- Ilya Barabanov
- BBC Russian Service
“Sir, sir, your colleagues are not reachable by phone. It seems that we are being bombed,” – I never thought that I would wake up someday from such words in the center of Kiev.
Since the beginning of November, when the American face began to warn of an imminent invasion from Russia, that this is simply impossible.
In 2014, I worked on the Maidan when the Ukrainians overthrew Viktor Yanukovych, then in Crimea when it was annexed by Russia, and then in the manufacturing plants of Ukraine, where self-proclaimed republics were then just emerging.
From the first day, Russia denied its participation in this conflict, stating that there were no troops in the Donbass. But I perfectly remembered September 2014, when Russian tanks were advancing and taking Novoazovsk, a small town on the shores of the Sea of Azov.
On that day, my colleagues and I drove up to the dense Russian-Ukrainian border and just live, from where almost tanks were coming at us. They went from Russia, there was simply nowhere else for them to come from. But I went live on the Moscow radio station with which I used to work, I heard about it, but no one told me: “You’re confusing something.”
I remember February 2015, when Russian troops stormed the city of Debaltseve, after which the hot phase of the war ended with the signing of the second Minsk agreements. Then I was the first to write that servicemen from Buryatia, a republic made in Russia with a predominantly Buddhist population, were taking part in the storming of the city.
I remembered all this very well, and I also remembered the poisoning of opposition leader Alexei Navalny, the horrendous electoral fraud, and the rewriting of the Russian Constitution in order to “zero out” the president’s term of office. They still do not believe that Vladimir Putin can launch a full-scale second invasion of Ukraine.
But now a hotel employee was standing in front of my bed and scaredly saying: “It seems that we are being bombed.” Despite the fact that the bank terminal continued to work, we had a hitch – the girl’s hands were trembling so much that she could not fill out the documents.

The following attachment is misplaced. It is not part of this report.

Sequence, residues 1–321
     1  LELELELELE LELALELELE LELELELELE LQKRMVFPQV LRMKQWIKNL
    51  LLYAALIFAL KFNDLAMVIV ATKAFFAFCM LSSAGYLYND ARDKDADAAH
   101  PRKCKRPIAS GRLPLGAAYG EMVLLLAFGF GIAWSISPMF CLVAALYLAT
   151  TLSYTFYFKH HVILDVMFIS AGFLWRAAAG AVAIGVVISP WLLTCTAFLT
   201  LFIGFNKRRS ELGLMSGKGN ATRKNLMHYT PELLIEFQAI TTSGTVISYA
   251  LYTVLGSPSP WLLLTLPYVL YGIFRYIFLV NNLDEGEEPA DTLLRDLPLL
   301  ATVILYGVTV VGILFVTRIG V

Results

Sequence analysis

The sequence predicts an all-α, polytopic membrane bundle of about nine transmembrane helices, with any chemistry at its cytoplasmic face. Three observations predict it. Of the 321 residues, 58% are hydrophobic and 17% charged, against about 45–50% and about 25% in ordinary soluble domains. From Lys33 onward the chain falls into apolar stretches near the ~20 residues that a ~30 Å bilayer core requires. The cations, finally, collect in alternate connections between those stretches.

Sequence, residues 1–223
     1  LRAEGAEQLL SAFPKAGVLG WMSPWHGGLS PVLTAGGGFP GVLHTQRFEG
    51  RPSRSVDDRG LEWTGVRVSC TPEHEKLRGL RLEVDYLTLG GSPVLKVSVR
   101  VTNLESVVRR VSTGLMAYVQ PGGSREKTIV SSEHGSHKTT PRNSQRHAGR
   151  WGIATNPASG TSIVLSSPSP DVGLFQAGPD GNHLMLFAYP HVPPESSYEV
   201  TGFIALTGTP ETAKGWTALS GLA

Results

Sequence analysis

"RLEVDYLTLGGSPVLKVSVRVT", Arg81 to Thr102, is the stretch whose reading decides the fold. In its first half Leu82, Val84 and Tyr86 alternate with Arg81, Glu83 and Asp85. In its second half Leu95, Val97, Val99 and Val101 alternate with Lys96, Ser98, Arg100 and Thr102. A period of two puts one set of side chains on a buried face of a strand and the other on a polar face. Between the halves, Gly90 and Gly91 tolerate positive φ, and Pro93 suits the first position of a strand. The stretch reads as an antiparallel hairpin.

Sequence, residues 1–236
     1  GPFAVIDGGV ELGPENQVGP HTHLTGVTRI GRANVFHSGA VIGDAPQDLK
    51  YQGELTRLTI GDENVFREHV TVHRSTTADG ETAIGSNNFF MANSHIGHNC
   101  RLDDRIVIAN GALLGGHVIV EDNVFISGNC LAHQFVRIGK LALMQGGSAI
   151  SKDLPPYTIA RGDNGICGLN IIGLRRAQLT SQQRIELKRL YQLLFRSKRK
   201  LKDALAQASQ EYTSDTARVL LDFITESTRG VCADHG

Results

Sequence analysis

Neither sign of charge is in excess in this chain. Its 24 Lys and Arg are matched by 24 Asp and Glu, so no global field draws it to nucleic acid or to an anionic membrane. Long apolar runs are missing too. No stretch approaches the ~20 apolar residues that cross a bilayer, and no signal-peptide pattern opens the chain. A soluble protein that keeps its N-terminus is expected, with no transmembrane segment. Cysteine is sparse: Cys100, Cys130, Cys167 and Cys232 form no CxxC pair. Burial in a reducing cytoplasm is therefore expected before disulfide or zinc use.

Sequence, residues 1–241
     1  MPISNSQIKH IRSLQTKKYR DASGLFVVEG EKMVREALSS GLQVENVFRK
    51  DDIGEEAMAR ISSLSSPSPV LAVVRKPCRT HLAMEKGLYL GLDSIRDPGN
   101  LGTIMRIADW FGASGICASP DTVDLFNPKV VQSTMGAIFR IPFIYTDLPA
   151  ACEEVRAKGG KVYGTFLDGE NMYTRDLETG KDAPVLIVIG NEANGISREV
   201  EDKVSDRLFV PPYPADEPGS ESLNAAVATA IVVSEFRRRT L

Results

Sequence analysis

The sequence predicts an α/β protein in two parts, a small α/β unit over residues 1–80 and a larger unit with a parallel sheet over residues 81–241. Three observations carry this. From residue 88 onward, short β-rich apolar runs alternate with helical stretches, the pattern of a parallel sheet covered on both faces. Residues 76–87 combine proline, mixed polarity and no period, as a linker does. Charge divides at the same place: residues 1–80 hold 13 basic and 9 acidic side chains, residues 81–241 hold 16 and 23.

In my opinion, my Kiev friend and chosen one, does not have my driver in Odessa, because this city is also bombed and he has to deal with a girl towards Moldova. We solved this problem in about an hour, finding out along the way that taxi drivers managed to double the prices.
A friend who left Kyiv in the afternoon in Lviv for a job interview was advised: is it worth returning to the capital of Ukraine by train? We have decided that train stations and railroad tracks will be a target for missiles, so it’s not worth doing this yet.
A former military man from Vinnitsa, whom I visited two weeks ago, was very worried and said that he was trying to evacuate his ex-wife with a child from Kharkov. But there are tickets only for tomorrow, and the battles of this are already going on on the outskirts of a city of one and a half million people – to go from it to the border with the western part of the country.
I went outside to go to Podol and work from there. You only had to walk two blocks. And these were probably the two most empty neighborhoods in my life. No people, no cars, although usually Podol is the center of Kiev life, a place where there are always crowds of young people and tourists.
Low clouds hide not only the sun, but also combat aircraft. By the middle of the day, fighters began to constantly fly over the office of Kiev, but we did not even suspect that these were planes: Ukrainian or Russian? Hide in anticipation of the bombing or stay at a high level to be the first to break the news if it starts?
Several times the reader repeated the air raid alert, but the mobile Internet worked intermittently with the producers, so I had to take a 10-second video to Twitter for 20 minutes.
I don’t know if there was at least one German citizen in Kiev on June 22, 1941, when Adolf Hitler attacked the USSR, but today I felt like such a German with my passport.
None of my representatives of Ukrainian friends said a single bad word to me that day, while Russian aircraft bombed one Ukrainian city after another. Although, perhaps they are necessary on this full right. But for me, a big moral dilemma remains: how, after this business trip, when the horror of the war subsides a bit, should I return home to our country, the authorities that did this to Ukraine today.